What better way to celebrate Malaysia Day than catching up on Malaysian films?
We have brought you a constellation of Malaysian films and a series of novels and memoirs written prior to Merdeka, which offered an authentic account of life in Malaya, now we complete the trilogy with Malaysian films which found international fame at several film festivals held on foreign soil.
Stay away the popcorn and get some crispy salted egg fish skin instead. We absolutely can’t wait for cinemas to reopen safely.
The third feature film of director Tan Chui Mui, Barbarian Invasion is a personification of the multilingual country where dialogues are conversed in a “rojak” of Chinese, Cantonese and Malay languages. The Jury Grand Prix winner at the 24th Shanghai International Film Festival, the art house martial art action flick tells of the journey of self-discovery of a divorcee and retired actress, described as “Southeast Asian version of The Bourne Identity,” to the lesser-known part of the East Coast, with her mixed-race son in tow.
Barbarian Invasion is presently screened at multiple international film festivals.
After bagging various awards internationally, including a Best Cinematography prize at the Norwegian Film Festival, the fantasy-thriller has movie buffs looking forward to its impending release on the silver screen. The visually stunning Tamil film is based on the titular board game, which a group of friends discover on an adventure trip to an obscured location on which a British colonial house sits. What transpires next has them on the edge, as the board game takes control of their lives.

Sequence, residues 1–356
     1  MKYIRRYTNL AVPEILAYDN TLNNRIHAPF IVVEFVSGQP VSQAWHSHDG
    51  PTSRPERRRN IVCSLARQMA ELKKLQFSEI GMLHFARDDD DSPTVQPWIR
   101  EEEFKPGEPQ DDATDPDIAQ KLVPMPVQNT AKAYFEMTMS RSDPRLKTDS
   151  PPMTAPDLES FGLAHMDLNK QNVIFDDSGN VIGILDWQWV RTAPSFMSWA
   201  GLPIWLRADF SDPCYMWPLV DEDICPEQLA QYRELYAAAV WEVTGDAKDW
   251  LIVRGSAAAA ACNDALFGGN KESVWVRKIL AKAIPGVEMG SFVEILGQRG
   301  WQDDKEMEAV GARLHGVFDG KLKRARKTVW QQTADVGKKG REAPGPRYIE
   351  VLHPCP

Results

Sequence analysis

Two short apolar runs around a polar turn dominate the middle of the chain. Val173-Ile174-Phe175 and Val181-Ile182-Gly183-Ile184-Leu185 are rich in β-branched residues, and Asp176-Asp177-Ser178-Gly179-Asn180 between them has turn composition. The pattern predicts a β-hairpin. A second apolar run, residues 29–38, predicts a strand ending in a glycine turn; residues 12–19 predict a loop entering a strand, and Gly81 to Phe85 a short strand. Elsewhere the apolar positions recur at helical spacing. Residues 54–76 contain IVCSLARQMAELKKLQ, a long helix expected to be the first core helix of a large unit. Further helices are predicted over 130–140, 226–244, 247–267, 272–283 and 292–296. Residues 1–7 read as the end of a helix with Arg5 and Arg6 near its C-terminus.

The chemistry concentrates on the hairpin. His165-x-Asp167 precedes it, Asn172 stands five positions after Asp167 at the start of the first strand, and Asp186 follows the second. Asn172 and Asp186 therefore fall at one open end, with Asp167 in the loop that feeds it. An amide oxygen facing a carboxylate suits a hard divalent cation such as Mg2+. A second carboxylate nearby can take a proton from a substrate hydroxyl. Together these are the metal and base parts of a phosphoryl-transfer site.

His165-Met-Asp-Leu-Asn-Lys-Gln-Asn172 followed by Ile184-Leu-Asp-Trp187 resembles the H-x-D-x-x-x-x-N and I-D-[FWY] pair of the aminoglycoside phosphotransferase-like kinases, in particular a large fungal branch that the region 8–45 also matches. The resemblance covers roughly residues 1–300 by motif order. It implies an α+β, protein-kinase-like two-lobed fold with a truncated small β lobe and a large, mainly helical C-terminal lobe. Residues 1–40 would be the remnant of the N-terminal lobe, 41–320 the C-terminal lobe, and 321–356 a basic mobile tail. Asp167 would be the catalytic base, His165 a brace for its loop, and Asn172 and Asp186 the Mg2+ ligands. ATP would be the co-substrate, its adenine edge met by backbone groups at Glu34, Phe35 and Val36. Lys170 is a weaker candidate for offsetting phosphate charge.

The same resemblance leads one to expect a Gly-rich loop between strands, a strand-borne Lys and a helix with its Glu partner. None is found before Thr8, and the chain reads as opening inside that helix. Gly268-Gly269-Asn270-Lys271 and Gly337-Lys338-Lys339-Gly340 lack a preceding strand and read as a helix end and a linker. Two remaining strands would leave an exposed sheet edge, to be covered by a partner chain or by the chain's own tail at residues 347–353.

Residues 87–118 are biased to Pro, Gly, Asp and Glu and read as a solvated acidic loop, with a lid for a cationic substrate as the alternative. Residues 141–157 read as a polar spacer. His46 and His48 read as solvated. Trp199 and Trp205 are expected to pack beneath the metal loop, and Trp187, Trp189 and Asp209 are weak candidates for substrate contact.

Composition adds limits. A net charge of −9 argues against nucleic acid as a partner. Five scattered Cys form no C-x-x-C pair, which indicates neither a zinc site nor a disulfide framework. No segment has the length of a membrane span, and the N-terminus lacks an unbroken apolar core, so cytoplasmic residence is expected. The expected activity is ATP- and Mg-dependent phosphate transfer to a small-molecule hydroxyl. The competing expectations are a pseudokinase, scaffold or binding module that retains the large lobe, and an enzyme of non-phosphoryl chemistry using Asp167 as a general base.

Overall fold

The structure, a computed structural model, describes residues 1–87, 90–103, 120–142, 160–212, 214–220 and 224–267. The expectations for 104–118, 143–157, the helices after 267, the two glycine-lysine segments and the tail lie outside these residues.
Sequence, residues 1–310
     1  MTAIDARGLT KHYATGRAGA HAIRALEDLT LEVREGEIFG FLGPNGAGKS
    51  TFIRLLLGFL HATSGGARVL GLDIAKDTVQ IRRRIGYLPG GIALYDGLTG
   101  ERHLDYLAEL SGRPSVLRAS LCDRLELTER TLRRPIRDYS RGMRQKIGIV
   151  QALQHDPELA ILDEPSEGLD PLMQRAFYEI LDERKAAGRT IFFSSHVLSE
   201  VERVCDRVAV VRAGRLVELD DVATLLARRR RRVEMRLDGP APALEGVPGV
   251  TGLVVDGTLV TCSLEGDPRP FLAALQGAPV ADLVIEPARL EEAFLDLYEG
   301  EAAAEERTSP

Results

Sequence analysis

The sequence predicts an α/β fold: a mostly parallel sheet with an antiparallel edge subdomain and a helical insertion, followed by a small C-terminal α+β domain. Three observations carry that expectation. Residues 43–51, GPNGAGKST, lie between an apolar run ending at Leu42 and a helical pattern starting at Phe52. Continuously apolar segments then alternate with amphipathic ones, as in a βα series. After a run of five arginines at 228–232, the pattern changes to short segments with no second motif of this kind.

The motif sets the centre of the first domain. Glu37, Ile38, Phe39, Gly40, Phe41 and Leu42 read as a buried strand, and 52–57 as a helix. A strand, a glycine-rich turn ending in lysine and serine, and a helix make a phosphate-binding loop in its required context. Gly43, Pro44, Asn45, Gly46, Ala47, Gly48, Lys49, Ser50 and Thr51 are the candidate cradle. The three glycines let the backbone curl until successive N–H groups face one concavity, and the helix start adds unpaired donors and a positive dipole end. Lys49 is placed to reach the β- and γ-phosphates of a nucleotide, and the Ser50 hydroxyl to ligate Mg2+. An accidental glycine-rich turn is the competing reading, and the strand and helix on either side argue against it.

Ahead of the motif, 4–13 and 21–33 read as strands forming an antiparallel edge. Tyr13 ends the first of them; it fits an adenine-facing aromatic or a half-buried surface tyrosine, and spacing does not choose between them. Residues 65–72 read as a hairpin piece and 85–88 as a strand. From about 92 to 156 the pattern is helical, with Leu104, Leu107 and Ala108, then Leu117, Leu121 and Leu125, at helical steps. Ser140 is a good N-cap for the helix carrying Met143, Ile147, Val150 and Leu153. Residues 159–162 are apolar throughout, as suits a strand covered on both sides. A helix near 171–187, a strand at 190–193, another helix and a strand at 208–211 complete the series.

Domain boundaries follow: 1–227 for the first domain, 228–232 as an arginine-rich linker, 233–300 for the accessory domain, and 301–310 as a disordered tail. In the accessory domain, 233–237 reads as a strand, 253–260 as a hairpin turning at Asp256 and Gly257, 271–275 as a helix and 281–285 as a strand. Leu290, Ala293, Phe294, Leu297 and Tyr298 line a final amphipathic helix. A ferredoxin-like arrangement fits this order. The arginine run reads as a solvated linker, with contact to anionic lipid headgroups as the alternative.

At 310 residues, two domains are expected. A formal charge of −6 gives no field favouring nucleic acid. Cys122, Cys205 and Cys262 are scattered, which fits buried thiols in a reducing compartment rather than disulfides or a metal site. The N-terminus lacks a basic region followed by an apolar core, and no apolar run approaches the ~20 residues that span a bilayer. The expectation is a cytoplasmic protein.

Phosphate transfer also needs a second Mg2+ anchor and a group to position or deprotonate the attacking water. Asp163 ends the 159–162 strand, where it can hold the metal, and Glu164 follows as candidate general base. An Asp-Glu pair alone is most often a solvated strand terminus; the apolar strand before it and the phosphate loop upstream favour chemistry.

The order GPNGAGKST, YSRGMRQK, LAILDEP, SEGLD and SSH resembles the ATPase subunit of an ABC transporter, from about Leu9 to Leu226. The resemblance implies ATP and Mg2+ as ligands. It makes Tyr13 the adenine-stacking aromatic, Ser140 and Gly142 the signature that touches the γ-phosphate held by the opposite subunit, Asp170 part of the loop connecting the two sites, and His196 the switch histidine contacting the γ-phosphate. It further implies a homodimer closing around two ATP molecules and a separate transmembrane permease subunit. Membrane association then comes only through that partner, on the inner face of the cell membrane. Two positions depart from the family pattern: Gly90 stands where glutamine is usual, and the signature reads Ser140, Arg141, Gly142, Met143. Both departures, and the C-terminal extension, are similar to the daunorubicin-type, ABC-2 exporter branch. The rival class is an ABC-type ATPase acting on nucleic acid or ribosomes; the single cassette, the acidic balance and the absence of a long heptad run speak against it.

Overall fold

Stream it on Astro Go.
The Story of Southern Islet
A caldron of mysticism, the supernatural, secularism and faith, the horror-thriller is based on director Chong Keat Aun’s childhood memories. Set against a lush, picturesque backdrop of a rural area bordering Northern Malaysia and Southern Thailand, a man becomes the subject of a series of odd and unexplainable diseases, who is feared to have fallen into a widow’s scourge. To aid her ailing husband, a woman sets out for help and brings upon a resolution.
The Story of Southern Islet, which garnered the director a Best New Director prize at the 57th Golden Horse Awards, is currently screened at various international film festivals.
Meanwhile, while waiting for the above to be screened locally, why not have something equally impressive to tide us over?
The Garden of Evening Mists
Adapted from the Man Asian Literary Prize-winning novel of the same title by Malaysian author Tan Twan Eng, the riveting period drama follows the recollection of a World War II survivor’s quest to honour her deceased sister as an apprentice of an enigmatic Japanese gardener residing in Cameron Highlands who she later fell in love. With an international cast and nominated for multiple prizes at the 56th Golden Horse Awards, the film stars acclaimed thespians Lee Sinje and Sylvia Chang.
Watch it on HBO Go.
Hero and feature images by Da Huang Pictures